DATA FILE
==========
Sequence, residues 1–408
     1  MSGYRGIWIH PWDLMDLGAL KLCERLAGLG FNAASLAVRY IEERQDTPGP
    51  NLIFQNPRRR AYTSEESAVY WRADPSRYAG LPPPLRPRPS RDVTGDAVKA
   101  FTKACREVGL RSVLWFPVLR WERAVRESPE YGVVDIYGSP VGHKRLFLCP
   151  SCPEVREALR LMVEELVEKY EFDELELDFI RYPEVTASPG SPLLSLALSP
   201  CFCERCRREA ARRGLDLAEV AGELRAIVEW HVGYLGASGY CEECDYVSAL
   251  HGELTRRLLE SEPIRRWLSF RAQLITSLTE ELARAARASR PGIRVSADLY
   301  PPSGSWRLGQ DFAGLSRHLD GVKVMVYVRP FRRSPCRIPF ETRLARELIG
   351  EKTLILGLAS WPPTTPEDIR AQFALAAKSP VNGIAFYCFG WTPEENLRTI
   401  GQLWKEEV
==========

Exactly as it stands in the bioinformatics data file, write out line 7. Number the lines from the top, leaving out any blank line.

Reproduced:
   251  HGELTRRLLE SEPIRRWLSF RAQLITSLTE ELARAARASR PGIRVSADLY